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Daniel's Mill: Whole Wheat Flour Like They Used to Make















This trip to England has been full of little day trips as well as a very nice handful of wanderings on local footpaths. One of these took us not too far down the road to a place called Daniel's Mill. Located just on the outskirts of Bridgnorth and almost directly under one of the trestle's for the Severn Valley Railway, the white building housing the equipment and accompanying water wheel make for a picturesque view at the very least and a bag of lovely freshly ground whole wheat flour at the most.

Managed by the George family for more than 240 years (a fraction of the history of a site where a mill has operated since the 13th century), our tour inevitably combined family history with that of the mill and its workings. Peter George, our guide and a current operator/owner, brought his ancestors to life for us - vividly describing personalities and appearances - while walking us through the building and teaching us how grain gets made into flour. George drew us into the tale not just with his family portraits, but by turning each of us into the ancestor or illustrating one of their characteristics via us.

"She was about your height," George would say pointing to one of our group, "but your build," pointing to another, "which meant she was the right height for moving about down below and sturdy enough to haul the bags."

It was easy then to imagine the people working the mill floor as it gently shook with the turning of the wheel and stone with ears ever attuned to the subtle changes in sound that signaled too much or too little grain, a need for oil on a gear, or some other warning sign requiring attention. Working the wheel was woman's work - moving the grains and managing their flow - while the fixing and adjusting of equipment was men's work. Not always, but often, and it was easy to see, too, how a whole family would be absorbed into the labor. It would have been dark, dusty work filled with a certain amount of personal danger - fingers and arms tangled in heavy moving machinery - and a constant wariness of flame. A single spark from a metal on stone would mean an explosion and an end of life and livelihood.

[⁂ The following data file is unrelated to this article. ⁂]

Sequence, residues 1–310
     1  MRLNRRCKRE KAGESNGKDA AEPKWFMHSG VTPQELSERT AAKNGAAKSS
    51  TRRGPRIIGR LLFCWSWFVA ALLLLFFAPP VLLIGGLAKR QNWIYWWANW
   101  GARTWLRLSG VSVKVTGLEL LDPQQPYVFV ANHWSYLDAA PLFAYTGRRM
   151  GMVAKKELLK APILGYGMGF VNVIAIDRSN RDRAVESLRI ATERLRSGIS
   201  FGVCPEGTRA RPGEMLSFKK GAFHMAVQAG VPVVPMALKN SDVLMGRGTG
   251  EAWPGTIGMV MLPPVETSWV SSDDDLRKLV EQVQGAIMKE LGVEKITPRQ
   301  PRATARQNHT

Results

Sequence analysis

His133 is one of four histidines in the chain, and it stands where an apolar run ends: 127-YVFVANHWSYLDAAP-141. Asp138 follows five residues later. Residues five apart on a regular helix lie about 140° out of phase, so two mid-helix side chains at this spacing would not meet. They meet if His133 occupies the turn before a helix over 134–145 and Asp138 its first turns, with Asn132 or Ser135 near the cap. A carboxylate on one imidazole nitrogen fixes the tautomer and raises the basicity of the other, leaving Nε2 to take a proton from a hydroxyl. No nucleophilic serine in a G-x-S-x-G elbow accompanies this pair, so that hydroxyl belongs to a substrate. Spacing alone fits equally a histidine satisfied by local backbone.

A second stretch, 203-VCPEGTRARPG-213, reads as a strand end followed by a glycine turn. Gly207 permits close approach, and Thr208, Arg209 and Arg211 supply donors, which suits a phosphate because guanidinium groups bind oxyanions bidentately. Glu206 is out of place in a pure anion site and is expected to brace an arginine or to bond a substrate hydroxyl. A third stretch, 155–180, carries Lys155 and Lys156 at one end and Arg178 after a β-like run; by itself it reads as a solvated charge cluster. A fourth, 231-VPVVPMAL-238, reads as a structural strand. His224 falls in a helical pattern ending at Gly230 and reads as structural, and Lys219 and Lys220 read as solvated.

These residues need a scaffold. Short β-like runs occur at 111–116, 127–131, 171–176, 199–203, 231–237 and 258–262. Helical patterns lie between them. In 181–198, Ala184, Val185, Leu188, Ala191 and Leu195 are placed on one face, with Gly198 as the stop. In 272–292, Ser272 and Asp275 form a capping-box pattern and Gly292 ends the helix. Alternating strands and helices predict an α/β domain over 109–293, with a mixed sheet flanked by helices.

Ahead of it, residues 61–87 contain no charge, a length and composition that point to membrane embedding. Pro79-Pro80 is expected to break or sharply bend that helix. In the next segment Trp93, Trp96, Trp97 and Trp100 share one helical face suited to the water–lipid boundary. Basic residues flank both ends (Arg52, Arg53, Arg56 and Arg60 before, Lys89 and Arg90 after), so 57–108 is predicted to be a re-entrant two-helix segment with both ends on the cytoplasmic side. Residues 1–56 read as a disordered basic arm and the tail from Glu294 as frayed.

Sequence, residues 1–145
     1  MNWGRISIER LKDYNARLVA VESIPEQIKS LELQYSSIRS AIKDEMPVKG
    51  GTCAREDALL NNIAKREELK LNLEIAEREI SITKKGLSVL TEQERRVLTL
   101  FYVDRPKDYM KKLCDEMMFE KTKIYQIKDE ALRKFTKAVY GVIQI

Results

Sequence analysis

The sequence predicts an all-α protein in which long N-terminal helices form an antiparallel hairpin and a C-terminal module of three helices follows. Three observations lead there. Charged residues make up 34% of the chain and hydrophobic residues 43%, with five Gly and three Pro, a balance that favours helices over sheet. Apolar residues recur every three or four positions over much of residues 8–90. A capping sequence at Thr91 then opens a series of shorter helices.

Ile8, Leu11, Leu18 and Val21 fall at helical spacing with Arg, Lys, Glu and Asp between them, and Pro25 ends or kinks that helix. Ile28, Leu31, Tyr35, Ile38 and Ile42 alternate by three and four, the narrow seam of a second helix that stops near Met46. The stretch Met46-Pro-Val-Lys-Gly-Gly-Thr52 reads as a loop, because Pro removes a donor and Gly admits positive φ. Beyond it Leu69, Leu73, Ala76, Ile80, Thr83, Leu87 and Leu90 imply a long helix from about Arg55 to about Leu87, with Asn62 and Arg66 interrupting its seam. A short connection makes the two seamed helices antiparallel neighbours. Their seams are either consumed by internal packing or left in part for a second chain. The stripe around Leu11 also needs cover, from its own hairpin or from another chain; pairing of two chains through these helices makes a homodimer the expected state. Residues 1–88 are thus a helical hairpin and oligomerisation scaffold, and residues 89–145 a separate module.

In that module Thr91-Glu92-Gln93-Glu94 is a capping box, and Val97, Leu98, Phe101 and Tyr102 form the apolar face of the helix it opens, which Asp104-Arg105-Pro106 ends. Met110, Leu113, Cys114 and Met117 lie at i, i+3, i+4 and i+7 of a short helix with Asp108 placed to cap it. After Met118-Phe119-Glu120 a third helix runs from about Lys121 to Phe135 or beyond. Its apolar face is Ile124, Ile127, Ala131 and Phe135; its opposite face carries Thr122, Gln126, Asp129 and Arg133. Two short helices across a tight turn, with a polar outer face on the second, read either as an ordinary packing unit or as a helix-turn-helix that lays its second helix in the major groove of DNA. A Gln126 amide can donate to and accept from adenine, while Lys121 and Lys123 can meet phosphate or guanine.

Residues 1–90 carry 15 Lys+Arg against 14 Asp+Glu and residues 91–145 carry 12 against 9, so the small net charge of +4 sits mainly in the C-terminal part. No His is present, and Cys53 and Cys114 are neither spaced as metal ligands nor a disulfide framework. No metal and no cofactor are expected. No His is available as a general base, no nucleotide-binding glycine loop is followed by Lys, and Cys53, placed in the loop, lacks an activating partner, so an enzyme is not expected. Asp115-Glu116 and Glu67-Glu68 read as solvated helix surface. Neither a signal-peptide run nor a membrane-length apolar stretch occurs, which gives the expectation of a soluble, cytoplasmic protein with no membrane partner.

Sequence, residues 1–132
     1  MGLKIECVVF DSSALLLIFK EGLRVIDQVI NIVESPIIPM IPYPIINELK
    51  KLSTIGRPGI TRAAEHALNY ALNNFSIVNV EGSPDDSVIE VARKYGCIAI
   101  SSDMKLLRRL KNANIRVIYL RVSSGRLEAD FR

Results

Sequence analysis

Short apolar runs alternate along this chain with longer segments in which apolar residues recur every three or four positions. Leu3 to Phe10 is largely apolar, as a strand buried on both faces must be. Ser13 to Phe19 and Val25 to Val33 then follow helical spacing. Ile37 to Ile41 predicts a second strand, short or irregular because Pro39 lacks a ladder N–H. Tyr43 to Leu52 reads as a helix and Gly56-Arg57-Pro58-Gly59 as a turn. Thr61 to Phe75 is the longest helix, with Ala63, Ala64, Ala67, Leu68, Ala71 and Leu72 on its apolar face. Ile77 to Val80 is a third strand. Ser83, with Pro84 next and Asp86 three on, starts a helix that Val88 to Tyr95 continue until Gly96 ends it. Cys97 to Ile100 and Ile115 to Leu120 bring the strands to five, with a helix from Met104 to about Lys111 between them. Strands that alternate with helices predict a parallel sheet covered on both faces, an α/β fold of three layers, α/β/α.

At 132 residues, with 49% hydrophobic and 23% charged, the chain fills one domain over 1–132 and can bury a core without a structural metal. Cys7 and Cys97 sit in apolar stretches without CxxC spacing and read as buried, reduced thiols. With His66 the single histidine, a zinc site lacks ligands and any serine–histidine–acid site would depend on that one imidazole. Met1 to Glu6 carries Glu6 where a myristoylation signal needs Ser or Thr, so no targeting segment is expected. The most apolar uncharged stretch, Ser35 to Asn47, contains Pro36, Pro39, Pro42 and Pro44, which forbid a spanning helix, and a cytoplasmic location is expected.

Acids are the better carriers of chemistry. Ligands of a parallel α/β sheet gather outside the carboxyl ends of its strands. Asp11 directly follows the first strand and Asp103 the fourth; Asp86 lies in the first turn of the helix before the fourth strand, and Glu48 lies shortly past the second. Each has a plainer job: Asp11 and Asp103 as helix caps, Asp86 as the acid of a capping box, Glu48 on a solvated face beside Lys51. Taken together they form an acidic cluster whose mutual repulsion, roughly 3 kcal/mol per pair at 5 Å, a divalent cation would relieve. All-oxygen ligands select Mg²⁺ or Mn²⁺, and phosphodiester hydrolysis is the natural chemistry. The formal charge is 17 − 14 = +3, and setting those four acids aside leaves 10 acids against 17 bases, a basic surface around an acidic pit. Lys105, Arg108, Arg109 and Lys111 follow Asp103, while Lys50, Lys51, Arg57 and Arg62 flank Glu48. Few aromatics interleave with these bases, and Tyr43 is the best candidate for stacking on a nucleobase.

"Marry a miller's daughter, and you marry hard work," was the saying George repeated as he guided us along. Marrying into the family meant becoming an extension of the wheel and millstone, being absorbed into the workings and traditions as soon as rings slipped over fingers. It meant maintaining a dam to fill the pond with water that fed the wheel that turned the stone while minding children, customers, accounts, and changing times and technologies. I may never look at a bag of flour in the same way again.















The mill still operates, but not on any fantastically large scale. Early days would have seen an assortment of grain turned into flour and cattle feed for local and regional use, but now it's mainly wheat passing over the grindstone to be sold at the mill itself and a handful of local shops. We sampled its possibilities in the hearty scones served with the usual slab of butter and steaming cups of tea in the nearby shop, and a bag now sits downstairs waiting to help with the fruit crumble for our evening dessert.

Eardington, Bridgnorth
Shropshire, WV16 5JL

Comments

Anjuli said…
This is absolutely fascinating- I love visiting places which transport me to another time and place in history- learning what was done and needed to be done- seeing what has become of the place. It is good to know it is going on- even if on a small scale.
You would love this place then, Anjuli. And England. One thing the English have done very well is to preserve the past to illustrate how life was. It instills great pride in culture and place, and grounds people (to some degree) in who they are. And it's interesting. I'm always impressed. And often end up wishing I was English!

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